|Record type||Full Name||Simplified Description|
|A Record||Address Record||Assigns a name to an ip address (i.e. a |
|Alias Record||Alias Record (unique to AWS)||Assigns a name to an aws service endpoint (i.e. via its internal dns name: a |
|CNAME Record||Canonical Name Record||allows several aliases to be mapped to the same domain. eg |
|NS Record||Name Server Reord||Used by TLD servers to direct traffic to the content DNS server which contains the authoritative DNS records|
|SOA||Start of Authority Record||data identifying the adminstrator of a zone, default time-to-live, version, etc.|
|TLD||Top Level Domain||e.g. “.com”, “.org”, etc.|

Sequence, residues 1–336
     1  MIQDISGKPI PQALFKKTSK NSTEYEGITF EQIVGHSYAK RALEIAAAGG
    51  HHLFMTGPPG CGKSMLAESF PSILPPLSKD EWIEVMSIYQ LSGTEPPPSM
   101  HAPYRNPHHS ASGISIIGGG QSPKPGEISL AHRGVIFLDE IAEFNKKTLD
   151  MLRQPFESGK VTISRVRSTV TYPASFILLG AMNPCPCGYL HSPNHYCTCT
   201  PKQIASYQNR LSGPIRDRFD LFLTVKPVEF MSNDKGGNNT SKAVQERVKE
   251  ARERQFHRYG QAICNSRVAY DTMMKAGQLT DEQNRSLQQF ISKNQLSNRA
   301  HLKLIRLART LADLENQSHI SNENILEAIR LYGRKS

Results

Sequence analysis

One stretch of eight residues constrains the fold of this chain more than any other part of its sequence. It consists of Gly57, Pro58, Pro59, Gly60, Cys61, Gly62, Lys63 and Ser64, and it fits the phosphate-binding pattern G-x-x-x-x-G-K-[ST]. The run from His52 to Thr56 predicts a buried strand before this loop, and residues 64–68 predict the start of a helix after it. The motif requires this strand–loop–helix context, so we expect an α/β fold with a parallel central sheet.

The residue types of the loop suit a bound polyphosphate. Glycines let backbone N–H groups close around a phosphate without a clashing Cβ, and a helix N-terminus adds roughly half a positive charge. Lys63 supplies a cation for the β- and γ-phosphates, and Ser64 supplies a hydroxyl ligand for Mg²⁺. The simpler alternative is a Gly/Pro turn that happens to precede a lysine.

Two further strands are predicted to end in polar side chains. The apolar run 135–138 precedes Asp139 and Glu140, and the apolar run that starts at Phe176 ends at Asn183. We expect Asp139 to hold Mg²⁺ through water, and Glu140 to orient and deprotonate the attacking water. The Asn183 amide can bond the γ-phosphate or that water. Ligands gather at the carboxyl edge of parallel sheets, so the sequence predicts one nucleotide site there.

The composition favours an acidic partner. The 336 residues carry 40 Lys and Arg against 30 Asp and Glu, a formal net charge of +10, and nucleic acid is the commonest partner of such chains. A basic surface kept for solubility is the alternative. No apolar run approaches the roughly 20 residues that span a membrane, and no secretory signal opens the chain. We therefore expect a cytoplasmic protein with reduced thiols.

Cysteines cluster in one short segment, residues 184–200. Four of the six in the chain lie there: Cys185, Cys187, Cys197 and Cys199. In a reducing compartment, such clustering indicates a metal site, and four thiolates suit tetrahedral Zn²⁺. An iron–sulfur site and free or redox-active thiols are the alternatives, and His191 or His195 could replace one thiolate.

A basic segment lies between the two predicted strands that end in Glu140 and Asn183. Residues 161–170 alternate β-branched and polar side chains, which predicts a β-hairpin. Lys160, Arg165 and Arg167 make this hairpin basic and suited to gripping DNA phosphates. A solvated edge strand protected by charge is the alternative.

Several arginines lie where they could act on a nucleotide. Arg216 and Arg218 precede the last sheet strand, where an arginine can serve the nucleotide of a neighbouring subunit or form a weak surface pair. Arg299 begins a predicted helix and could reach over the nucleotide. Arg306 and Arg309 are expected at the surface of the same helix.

|TTL||Time To Live||indicates when the related information should be deemed “expired”, causing fetch of more upt-to-date data. Default TTL can be 24hrs or even 48 hrs.|
Routing policies determine how traffic is routed to a bunch of available servers.
Remember that with all of these, end-user side (browser-side), you will generally keep hitting the same yielded ip/endpoint until the configured TTL expires.
You implement routing policies with Route 53 DNS “Record sets”.
As an aside: since amazon is a domain registrar you can actually buy your domain right in AWS (currently common TLDs go for around $12USD)- or just bring your own. I guess if you buy from them, the NS records wil be setup for you, otherwise you would be going to your domain registrar and adding AWS nameservers.
Anatomy of a record set: